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American Quilts at the Georgia Museum of Art

August 19 - November 19, 2006

 

(above: Attributed to the Sewing Society of the First Baptist Church, Philadelphia, Presentation quilt (detail), c. 1847, cotton, 108 x 93 inches. Georgia Museum of Art, University of Georgia; gift of Valerie Rankin Murphey. GMOA 2002.58)

 

American Quilts at the Georgia Museum of Art, an exhibition celebrating the museum's dedication to building an important collection of decorative arts with a focus on works made in or of significance to Georgia, will be on display from August 19 through November 19, 2006.

Quilts, because of their size and fragility, can be difficult to incorporate into traditional installations of the museum's permanent collection galleries. This exhibition provides, for the first time, an opportunity to display together the quilts in the museum's collection.

There will be a range of quilts on display, including formal presentation quilts from the mid-19th century as well as casual, informal quilts with brightly stitched names from the mid-20th century.

These textiles include a chintz applique quilt, also known as a Broderie Perse quilt. It contains 30 squares hand-inscribed in ink with patriotic text, expressions of friendship, passages from the Bible and, most predominantly, verses relating to death and mourning.

The quilt is attributed to the Sewing Society of the First Baptist Church of Philadelphia. This society was founded in 1839 to "assist pious young men in the preparation for the gospel ministry, by furnishing them with clothing, and also to promote social and religious intercourse among the members of the church and congregation."

It appears to have been made for Frances Henrietta Holcombe Tucker Hoff, who was the daughter of Rev. Henry Holcombe, who served as pastor at First Baptist Church of Philadelphia. With her first husband, Germaine Tucker of Warren County, Georgia, she had a son named Henry Holcombe Tucker who would later become a Baptist minister and served as president of Mercer University in Macon, Georgia, from 1866 to 1871 and then chancellor of the University of Georgia from 1874 to 1878.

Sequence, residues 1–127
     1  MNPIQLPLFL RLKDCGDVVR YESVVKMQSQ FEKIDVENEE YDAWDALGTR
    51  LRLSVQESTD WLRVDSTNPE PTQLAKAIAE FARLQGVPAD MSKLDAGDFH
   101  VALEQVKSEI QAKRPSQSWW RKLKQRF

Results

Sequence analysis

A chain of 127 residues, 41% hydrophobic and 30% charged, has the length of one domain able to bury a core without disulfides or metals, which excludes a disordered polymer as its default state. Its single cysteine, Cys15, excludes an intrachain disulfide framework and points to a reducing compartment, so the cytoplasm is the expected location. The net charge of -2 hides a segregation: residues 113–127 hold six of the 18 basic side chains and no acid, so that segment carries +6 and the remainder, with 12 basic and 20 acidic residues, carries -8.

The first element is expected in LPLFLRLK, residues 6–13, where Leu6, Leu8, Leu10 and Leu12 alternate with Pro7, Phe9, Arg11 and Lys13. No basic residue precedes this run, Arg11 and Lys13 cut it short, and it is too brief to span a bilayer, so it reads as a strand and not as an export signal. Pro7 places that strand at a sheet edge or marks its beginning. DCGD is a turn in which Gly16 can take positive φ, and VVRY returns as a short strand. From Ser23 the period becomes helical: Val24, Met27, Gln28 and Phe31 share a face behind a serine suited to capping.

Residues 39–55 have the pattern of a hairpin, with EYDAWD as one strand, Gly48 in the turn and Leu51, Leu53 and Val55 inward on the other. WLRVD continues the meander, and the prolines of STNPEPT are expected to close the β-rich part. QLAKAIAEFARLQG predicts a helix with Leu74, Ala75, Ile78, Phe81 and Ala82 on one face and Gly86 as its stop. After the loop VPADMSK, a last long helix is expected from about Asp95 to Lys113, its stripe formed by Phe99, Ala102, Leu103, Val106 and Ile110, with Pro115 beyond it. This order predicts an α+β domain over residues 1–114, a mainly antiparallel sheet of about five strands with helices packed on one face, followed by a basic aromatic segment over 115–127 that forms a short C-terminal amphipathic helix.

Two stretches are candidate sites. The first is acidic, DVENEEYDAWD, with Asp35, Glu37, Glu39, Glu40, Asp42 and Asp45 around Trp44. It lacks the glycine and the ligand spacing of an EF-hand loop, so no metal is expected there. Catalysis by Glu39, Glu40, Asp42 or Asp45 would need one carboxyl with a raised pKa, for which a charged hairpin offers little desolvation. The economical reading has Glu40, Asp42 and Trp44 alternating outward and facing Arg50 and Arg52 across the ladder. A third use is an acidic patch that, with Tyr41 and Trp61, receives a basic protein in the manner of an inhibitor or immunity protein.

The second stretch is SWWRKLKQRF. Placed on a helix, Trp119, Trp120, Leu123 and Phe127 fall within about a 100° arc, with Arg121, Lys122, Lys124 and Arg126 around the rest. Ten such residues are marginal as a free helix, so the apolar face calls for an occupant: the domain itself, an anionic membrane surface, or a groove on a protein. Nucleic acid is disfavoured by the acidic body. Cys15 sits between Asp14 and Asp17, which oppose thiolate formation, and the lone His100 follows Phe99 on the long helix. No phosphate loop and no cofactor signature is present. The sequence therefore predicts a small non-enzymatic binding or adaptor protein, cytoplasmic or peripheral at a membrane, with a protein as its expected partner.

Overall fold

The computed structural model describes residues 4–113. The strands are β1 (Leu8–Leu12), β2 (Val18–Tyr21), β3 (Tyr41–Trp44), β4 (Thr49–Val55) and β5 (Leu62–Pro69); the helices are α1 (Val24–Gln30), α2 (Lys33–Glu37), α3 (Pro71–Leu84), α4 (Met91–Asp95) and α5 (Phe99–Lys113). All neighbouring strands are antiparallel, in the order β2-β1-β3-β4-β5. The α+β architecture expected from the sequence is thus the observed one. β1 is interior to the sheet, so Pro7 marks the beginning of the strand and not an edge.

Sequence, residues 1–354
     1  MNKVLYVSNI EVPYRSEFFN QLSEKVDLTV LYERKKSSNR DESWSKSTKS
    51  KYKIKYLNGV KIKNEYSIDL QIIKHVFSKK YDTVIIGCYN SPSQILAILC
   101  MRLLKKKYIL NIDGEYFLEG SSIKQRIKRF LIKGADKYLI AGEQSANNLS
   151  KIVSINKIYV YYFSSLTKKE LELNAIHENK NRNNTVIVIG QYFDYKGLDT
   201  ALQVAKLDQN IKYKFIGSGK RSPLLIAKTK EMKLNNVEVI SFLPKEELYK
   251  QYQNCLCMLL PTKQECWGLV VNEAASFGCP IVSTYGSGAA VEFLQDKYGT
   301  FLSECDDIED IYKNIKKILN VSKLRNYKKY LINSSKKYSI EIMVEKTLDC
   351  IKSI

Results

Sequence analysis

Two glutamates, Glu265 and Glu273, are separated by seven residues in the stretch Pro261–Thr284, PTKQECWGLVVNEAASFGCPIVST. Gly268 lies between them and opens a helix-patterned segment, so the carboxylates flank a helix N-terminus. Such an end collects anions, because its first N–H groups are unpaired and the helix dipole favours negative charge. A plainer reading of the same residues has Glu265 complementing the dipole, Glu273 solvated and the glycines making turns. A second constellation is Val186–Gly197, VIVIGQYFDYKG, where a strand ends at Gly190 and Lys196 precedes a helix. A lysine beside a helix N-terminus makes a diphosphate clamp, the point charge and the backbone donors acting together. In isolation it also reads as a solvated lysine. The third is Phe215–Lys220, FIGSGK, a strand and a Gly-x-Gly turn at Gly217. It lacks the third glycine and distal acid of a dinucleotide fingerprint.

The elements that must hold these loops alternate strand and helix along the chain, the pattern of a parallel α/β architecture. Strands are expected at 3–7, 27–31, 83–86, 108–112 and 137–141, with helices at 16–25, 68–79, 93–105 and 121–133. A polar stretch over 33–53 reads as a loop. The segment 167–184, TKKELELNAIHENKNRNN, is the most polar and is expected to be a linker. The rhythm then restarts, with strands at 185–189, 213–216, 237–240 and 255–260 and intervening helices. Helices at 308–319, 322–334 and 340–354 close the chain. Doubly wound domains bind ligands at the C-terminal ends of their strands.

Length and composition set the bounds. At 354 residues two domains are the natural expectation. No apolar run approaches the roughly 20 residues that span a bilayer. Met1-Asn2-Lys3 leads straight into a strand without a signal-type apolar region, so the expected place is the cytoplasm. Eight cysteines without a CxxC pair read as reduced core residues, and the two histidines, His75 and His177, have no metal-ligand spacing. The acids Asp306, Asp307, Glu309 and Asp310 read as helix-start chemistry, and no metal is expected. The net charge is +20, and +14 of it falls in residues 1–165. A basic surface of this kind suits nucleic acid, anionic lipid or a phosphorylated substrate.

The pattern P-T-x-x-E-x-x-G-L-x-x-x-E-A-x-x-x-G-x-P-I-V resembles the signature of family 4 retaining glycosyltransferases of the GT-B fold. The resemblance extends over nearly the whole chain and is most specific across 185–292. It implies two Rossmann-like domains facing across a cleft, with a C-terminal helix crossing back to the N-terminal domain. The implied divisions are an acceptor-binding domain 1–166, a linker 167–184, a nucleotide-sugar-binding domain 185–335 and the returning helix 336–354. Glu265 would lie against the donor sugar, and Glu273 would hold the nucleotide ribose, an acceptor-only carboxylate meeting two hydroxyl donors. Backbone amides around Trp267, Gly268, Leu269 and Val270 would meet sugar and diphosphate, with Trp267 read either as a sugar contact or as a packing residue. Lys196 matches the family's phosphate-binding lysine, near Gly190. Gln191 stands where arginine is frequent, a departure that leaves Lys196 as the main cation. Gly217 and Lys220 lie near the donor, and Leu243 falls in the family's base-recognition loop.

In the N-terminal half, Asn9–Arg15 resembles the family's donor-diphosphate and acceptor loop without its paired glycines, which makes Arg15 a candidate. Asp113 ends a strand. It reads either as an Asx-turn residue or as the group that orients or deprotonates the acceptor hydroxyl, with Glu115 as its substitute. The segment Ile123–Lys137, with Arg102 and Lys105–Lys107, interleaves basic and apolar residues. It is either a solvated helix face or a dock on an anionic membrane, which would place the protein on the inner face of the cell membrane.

Another presentation quilt, originally belonging to Joseph Cummings, the former president of Northwestern University, is composed of 42 silk blocks, all handstitched by different women.

The quilt probably dates back to the mid-1840s, about the time Cummings left his role as principal at Amenia Seminary in New York and entered the New England Conference of the Methodist Episcopal Church. Either event could have been the occasion for the presentation of this unique gift.

American Quilts at the Georgia Museum of Art is organized by Ashley Callahan, curator of the Henry D. Green Center for the Study of the Decorative Arts at the Georgia Museum of Art.

 

(above: Unknown makers (American, possibly New York), Presentation quilt , c. 1850s, silk with cotton batting, 72 x 85 1/2 inches. Georgia Museum of Art, University of Georgia; gift of Martha Earnest Bonbright. GMOA 2001.68)

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